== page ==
Chávez obviously asked the leaders of those countries, to which he has provided support, to cut relations with Colombia. Why would Nicaragua need to cut relations with Colombia because that country had a military operation in Ecuador? Nicaraguan President Daniel Ortega behaved as a puppet. To me, the evidence found in Reyes's computer regarding the support of the Ecuadorian government toward the FARC justifies the unilateral decision made by the Colombian government to attack a guerrilla camp there.
Colombia's main daily paper has reported that Interpol Colombia had been giving the Ecuadorian government details regarding the presence of Raul Reyes within its territory since 2007.
It is outrageous that having the information about Reyes the government of Ecuador didn't do anything. Documents found in Reyes' computer indicate that representatives from the Ecuadorean government even had meetings with Reyes to formalize relationships. The alleged messages for Chávez from leaders of the FARC and vice versa also need to be investigated. To me all this scandal will have a political cost for Chávez. It has weakened him inside the Army forces, among the people who live in the regions close to the border with Colombia who have already been punished.
Are you referring to reports that members of the FARC have kidnapped Venezuelans?
Partly. They have also been complaining about the shortage of food and other basic goods. The theory of the Venezuelan government is that there is scarcity of products in Venezuela because they are being sent to Colombia.
Colombian-Venezuelan trade is worth an estimated $6 billion a year. There are also estimates that Colombian exports to Venezuela grew about 90 percent between 2006 and 2007. Why this unusual growth?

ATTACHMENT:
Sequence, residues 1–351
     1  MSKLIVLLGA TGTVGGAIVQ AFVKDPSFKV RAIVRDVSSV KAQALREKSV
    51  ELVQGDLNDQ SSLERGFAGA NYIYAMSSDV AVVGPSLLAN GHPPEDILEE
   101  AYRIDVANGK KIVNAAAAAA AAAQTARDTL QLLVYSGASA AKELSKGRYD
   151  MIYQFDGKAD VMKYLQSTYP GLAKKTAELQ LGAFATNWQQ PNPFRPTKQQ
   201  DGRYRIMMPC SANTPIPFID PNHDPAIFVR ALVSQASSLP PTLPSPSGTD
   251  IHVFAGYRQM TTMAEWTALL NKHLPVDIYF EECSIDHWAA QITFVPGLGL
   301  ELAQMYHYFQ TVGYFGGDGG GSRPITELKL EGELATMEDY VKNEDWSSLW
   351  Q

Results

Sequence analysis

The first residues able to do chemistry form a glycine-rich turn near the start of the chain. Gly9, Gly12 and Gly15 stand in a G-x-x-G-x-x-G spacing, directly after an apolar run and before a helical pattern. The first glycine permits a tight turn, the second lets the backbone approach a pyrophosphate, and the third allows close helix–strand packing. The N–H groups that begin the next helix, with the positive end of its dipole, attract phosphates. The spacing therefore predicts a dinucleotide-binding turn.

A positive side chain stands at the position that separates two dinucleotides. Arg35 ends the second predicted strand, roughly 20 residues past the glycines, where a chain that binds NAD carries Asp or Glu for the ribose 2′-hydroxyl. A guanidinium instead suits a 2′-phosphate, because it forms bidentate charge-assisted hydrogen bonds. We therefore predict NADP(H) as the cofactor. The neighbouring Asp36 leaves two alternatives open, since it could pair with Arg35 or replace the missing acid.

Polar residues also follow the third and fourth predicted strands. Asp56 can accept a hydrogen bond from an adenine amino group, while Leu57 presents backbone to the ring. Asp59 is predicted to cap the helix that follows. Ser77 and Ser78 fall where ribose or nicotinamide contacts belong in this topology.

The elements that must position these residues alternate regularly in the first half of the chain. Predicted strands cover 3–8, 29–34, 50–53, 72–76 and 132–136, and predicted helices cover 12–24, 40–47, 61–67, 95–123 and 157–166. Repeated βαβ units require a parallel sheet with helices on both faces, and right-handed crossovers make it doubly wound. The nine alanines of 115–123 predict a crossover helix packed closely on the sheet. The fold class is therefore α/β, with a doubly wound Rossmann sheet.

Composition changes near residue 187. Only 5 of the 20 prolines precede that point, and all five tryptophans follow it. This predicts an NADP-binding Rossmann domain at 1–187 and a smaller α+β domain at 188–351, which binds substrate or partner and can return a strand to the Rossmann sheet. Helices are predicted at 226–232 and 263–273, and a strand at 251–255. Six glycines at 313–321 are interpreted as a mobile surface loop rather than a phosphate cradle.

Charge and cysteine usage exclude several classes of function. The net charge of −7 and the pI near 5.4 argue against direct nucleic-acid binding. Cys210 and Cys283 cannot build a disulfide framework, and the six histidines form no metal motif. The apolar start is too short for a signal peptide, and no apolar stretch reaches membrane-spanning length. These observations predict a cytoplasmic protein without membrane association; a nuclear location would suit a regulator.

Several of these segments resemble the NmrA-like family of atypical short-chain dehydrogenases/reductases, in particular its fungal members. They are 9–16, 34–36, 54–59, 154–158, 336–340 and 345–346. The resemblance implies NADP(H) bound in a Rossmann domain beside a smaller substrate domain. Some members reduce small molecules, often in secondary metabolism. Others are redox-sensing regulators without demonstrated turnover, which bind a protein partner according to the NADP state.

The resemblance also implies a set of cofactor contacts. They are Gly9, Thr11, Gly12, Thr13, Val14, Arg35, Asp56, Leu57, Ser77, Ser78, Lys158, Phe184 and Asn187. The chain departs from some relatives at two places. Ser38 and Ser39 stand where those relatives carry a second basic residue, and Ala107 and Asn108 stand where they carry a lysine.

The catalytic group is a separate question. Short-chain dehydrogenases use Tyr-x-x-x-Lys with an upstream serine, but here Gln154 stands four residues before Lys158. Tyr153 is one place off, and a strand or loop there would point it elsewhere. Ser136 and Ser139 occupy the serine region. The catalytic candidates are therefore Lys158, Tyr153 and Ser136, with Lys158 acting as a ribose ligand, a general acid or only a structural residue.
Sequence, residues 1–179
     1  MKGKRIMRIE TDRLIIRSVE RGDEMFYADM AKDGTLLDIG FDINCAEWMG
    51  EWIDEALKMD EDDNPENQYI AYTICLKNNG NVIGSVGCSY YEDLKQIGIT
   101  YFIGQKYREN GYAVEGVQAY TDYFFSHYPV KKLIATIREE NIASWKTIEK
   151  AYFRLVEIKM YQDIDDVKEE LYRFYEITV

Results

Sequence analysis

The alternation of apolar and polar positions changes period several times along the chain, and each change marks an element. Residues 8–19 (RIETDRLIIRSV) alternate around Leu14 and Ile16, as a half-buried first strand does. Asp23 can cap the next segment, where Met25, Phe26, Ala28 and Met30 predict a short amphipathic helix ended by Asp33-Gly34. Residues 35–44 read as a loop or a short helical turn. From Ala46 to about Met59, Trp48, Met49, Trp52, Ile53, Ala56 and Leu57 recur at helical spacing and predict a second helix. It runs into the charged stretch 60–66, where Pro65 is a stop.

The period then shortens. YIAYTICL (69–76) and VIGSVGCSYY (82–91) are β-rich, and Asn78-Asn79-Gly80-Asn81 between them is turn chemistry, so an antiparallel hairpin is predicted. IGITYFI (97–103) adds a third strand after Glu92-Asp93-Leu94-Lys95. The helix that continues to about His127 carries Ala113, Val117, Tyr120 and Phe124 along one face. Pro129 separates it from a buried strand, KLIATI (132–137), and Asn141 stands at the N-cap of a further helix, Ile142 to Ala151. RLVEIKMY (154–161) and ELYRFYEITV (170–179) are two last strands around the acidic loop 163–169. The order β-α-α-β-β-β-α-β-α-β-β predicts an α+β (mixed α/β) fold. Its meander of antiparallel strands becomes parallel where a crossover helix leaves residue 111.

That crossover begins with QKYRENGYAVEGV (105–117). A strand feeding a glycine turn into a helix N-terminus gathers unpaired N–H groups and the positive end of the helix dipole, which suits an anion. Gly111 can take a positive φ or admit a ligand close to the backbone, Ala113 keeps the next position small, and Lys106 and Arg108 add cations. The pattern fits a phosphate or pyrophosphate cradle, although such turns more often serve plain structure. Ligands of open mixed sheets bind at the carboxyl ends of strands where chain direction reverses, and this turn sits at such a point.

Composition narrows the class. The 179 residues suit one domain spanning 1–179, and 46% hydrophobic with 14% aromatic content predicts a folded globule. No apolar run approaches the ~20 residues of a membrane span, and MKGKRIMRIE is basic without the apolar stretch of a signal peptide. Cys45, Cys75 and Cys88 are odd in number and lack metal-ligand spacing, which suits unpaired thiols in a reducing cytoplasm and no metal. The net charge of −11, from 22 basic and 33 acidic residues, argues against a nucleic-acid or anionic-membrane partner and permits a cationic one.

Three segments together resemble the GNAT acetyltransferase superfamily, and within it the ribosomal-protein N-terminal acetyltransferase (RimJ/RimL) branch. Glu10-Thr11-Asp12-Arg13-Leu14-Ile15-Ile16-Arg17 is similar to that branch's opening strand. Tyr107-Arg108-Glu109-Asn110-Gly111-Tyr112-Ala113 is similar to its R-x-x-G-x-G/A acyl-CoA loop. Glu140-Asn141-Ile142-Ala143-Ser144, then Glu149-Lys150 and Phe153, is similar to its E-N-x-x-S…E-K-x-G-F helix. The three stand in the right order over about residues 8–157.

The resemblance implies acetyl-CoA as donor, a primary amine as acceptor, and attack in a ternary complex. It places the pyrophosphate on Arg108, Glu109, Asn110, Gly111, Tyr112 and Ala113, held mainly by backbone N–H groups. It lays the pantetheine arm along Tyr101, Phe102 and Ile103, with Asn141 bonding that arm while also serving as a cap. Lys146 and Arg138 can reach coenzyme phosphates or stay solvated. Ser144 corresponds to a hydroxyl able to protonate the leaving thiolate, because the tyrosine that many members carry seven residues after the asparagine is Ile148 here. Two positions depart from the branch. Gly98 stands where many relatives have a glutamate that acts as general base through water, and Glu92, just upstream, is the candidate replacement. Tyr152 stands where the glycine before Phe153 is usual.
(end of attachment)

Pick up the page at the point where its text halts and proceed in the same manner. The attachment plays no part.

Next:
Trade between Colombia and Venezuela has grown a lot because as the price of the petroleum has gone up, Venezuela has been spending more. It has also partly grown because Venezuela has a crazy exchange-rate system: there is an official exchange rate for the U.S. dollar at 2.15 Bolivars and a black market rate that has been hovering over 5 Bolivars. [On Jan. 1, Venezuela dropped three zeroes from its currency and renamed it the Bolivar Fuerte.] Hence the black-market dollar costs more than twice the official one. If you have access to the official dollar, most things in Venezuela are much more expensive than in Colombia and it is cheaper to import. But if things are calculated at the black-market rate, many things in Venezuela are cheaper than in Colombia, and it makes sense to export them to our neighbor. This creates distortions in trade, since you can make money by round-tripping: If you can buy a good in Colombia by purchasing the dollars at the official exchange rate, you can make money by selling that good back in Colombia and converting the dollars at the black-market rate. In addition, there are many products whose prices are controlled in Venezuela: milk, gasoline, poultry, eggs, etc. The producers prefer to sell them in Colombia. All this creates unnatural trade as a reflection of the distortions in the Venezuelan economy.